She turns and looks at me. Our eyes meet. She doesn't say anything, and neither do I. We just stare. Then, slowly, she starts walking towards me. Except she isn't walking. She's stumbling. Every step she takes is like she nearly falls, and has to catch herself. She looks sad. If I nearly fell every time I walked, I'd be sad too. I feel sorry for her. As she gets closer, I introduce myself. She doesn't like me at first. She tries to hurt me. I don't let her. I tell her that she can't hurt people who don't hurt you. I make sure she can never hurt me. She seems angry. I tell her my name. And she listens. She's the first person in a very long time who listens to me. She tells me her name. And I listen. It's Elizabeth. I bet I'm the first person to listen to her in a very long time too.
I sit there and talk to her for a long time. She decides not to sit down, even though her leg is hurting her. We talk for a long time. The two of us become good friends very quickly. I tell her my story. She tells me hers. It is very sad. Her leg was run over when she was very young. She doesn't want crutches. People will make fun of her if she has crutches. I said I won't make fun of her. She seems happy to hear that. She smiles. I smile back.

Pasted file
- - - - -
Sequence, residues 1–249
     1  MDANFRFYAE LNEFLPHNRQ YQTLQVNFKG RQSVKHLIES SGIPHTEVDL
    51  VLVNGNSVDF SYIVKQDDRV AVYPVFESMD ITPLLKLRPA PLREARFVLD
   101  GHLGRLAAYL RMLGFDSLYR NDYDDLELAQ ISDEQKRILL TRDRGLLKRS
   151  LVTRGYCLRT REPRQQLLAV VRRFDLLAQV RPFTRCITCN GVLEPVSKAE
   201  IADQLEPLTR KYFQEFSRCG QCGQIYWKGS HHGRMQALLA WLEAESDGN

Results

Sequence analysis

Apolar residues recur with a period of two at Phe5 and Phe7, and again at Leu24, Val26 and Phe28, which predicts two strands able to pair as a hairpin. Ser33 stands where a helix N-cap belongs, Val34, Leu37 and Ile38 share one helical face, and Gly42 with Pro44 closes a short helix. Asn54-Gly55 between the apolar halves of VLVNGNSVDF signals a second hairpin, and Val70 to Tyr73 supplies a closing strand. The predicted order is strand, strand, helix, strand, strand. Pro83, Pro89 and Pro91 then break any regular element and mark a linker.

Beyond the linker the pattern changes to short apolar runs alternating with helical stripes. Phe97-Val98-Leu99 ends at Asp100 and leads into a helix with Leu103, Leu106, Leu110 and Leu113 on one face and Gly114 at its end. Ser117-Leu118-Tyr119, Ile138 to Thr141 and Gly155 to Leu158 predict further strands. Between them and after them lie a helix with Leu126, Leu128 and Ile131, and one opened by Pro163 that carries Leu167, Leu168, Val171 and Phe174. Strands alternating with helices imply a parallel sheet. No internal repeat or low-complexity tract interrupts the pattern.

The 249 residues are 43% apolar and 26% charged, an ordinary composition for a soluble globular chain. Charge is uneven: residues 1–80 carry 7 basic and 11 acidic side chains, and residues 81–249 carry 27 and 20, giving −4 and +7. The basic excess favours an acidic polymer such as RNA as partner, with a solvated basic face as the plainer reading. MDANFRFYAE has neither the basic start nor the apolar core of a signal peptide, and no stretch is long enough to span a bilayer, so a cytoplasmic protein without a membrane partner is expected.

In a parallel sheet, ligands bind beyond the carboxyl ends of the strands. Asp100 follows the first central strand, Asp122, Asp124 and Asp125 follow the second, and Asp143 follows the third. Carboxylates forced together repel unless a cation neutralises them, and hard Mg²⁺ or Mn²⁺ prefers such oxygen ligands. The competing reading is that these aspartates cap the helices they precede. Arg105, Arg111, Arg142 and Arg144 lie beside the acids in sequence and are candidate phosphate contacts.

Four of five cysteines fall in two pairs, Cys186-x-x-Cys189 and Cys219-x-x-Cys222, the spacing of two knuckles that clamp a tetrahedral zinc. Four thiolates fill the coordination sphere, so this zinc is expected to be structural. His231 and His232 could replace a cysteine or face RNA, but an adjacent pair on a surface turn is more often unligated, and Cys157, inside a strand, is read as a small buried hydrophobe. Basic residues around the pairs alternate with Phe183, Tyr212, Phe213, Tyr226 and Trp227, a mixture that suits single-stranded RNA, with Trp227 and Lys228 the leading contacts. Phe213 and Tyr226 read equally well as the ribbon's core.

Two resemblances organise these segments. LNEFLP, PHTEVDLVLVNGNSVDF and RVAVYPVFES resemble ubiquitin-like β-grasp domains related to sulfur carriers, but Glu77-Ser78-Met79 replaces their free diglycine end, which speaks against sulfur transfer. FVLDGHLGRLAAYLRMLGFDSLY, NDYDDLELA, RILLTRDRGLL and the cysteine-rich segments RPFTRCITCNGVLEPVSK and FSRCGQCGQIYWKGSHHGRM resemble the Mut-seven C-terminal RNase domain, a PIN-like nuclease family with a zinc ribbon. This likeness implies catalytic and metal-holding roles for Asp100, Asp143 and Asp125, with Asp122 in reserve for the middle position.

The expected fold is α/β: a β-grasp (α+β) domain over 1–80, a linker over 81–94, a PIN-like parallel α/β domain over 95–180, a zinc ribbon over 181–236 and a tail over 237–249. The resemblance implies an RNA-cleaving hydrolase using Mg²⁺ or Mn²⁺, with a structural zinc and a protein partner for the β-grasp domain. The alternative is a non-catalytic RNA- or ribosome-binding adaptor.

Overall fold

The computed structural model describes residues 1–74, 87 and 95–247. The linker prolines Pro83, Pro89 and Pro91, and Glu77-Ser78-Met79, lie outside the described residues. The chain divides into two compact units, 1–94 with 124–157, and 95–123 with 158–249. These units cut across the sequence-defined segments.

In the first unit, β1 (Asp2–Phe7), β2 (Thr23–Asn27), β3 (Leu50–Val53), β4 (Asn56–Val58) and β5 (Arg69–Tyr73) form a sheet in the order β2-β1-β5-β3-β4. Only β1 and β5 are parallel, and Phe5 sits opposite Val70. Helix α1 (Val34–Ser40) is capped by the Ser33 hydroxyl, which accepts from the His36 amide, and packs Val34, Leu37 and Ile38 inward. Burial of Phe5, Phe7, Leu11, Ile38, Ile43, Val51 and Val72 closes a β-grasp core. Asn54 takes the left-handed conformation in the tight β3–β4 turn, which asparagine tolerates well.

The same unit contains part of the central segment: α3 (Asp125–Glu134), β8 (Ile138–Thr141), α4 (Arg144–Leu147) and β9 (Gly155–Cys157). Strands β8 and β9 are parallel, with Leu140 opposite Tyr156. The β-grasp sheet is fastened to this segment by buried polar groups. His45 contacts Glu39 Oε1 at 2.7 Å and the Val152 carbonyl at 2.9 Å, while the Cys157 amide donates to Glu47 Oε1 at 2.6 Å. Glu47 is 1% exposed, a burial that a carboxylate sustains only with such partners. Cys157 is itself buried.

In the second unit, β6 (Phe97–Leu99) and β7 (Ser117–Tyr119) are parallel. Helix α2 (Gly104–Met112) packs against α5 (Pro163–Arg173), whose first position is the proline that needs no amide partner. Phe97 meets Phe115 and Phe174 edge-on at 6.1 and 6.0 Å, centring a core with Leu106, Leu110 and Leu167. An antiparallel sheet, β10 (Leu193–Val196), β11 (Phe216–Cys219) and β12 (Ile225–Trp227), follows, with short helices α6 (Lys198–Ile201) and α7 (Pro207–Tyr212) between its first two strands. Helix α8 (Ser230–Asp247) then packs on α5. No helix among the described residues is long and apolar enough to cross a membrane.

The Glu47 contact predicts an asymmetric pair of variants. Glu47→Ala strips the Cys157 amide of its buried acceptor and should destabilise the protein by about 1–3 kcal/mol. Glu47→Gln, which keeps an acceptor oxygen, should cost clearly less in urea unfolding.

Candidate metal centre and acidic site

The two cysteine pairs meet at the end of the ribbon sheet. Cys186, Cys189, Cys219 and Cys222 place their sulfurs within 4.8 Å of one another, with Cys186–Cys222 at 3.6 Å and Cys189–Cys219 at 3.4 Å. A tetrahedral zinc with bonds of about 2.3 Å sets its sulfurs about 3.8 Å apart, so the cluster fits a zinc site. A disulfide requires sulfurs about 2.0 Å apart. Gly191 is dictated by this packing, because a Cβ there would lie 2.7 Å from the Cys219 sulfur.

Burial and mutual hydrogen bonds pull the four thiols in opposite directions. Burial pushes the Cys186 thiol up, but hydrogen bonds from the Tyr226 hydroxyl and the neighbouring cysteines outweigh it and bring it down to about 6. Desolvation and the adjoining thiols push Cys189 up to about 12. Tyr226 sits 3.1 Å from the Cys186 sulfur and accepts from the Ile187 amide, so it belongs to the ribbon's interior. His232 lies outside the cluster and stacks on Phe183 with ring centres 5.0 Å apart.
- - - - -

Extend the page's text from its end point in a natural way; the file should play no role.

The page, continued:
The two of us walk home together. We do it in silence. She doesn't want to talk anymore. When we get home, she likes my house very much. I tell her she was welcome to stay here. She is relieved. She doesn't like to be seen in public. People make fun of her for her painful leg. She sleeps in my bedroom. The company is nice. I had been alone for so long. She had been alone for a long time too. She is very happy to be with me. I am very happy to be with her.
The next day, I grab my keys and lock my front door. She follows me. We walk down my street. We take a right. I am about to give the homeless man a quarter. He makes fun of her leg. She gets very angry. She tells him not to make fun of her leg anymore. I still give him a quarter. I say goodbye. He doesn't say anything. She wants to keep talking to him, but I tell her to stop. We start walking again. We cut through the park. I sit on my favourite bench. She decides not to sit down again, even though her leg is hurting her. The dogs are there today. They're running. I am very happy at first. She can watch the dogs run with me. Then one of the dogs notices her. It gets very scared and runs away. She thinks the dog is making fun of her leg. She gets very angry. She wants to run to the dog to tell it not to make fun of her leg. The dog is much faster than her. It makes her sad. Soon, there are no more dogs. They all run away from her.